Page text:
Will the climate change revitalize the Middle East?
80 percent agreement
A key point of discussion at the closed meeting of the LINKE parliamentary group in Rheinsberg on Thursday and Friday was climate policy. On the agenda was the detailed »Climate Justice Action Plan«, which the parliamentary group's social-ecological conversion work group had already drawn up in June.
However, the entire paper was not adopted at the conference. Nonetheless, MEPs said they were satisfied with the way the debate went. Sabine Leidig, coordinator of the working group that wrote the paper - and had already incorporated many amendments - said in an interview with "nd" on Friday that "80 percent" of the action plan had been approved. The MP Thomas Nord was optimistic that the complete action plan could already be decided in the parliamentary group meeting on Tuesday.
Actually, that should have happened in late autumn. The initiators had hoped that the 80-page paper could be published on the occasion of the global climate strike on November 29th. But at that time the group only reached agreement on the first chapter - which, however, already contains very far-reaching goals.
The chapters on CO2 pricing, on international solidarity, i.e. fair trade instead of exploitation and overexploitation, and on peace policy and conflict prevention as an important element of climate protection have now been adopted, reports Leidig. The chapter on "Instruments of a structural and labor market policy to secure employment" has not yet been resolved, but there is no substantive disagreement here. This section had been drawn up in cooperation with trade unions and social associations.
There are obviously conflicts over the question of whether the Federal Republic of Germany can supply itself with energy in the medium term or whether it will continue to rely on electricity imports for a longer period of time. This is what Leidig and Nord reported unanimously. A "small but vocal group" around the deputy parliamentary group leader Klaus Ernst is also opposed to restricting individual traffic. They rely on energy-intensive drives using hydrogen and synthetic fuels.
During the retreat, Ernst tabled a number of amendments to the chapters on transport and energy in the action plan, which have not yet been approved. He had previously spoken out in public against the ban on short-haul flights "to places that can be reached in five hours by train" and against free local public transport. The money for the expansion of local transport must also come from the ticket prices, he had justified the latter.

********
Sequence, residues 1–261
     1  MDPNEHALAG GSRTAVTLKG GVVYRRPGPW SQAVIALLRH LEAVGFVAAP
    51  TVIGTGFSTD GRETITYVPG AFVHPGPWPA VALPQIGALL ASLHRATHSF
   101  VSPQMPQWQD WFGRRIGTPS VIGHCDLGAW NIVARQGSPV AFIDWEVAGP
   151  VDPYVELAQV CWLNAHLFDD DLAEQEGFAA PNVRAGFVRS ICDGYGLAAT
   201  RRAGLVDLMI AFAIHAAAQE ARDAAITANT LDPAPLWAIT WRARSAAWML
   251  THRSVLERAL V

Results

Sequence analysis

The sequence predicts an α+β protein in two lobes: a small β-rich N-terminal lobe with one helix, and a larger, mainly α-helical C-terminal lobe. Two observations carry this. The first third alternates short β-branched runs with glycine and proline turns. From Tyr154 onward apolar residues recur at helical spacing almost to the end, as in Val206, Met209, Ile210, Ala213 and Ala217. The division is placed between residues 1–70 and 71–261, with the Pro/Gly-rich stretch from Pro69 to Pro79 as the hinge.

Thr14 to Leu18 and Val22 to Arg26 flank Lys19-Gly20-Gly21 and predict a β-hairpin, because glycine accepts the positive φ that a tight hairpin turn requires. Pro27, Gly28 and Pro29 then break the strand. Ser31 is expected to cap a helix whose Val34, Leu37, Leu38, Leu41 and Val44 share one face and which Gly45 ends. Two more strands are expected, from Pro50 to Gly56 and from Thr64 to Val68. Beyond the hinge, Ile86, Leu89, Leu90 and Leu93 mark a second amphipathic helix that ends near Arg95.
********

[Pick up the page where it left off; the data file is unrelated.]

On Friday, Ernst, who is also the political group's spokesman for economic policy, warned that private transport should not be demonized before there were alternatives. He also criticized a contribution by the parliamentary group's climate policy spokesman, Lorenz Gösta Beutin, for this newspaper (online). In it, he had demanded, among other things, that leftists should "never again defend the free lawn on German autobahns, advocate state subsidies for climate-damaging industries, defend jobs in the coal and auto industries." Such demands have nothing to do with left politics, says Ernst. There was agreement that climate protection measures must be »designed fairly«, as parliamentary group leader Amira Mohamed Ali emphasized to the Phoenix broadcaster.
The climate within the factions seems to have improved significantly with the meeting. Thomas Nord, who had sharply criticized the leadership style of the former parliamentary group leader Sahra Wagenknecht at the end of 2018, said that he had come from an exam for the first time "not in a bad mood". The content of the debate was controversial, but it was conducted in a factual, "pleasant political atmosphere." This is thanks in particular to the "refreshingly impartial and open leadership of the meeting by Amira," praised Nord. At the end of the meeting, the parliamentary group chairman said that she was "going out of this retreat with great enthusiasm."
Other topics on the exam were the challenges for the job market in times of digital change, education and the situation in the Middle East. A paper by parliamentary deputy Susanne Ferschl, in which it is about more participation of employees in important company decisions, met with great approval.
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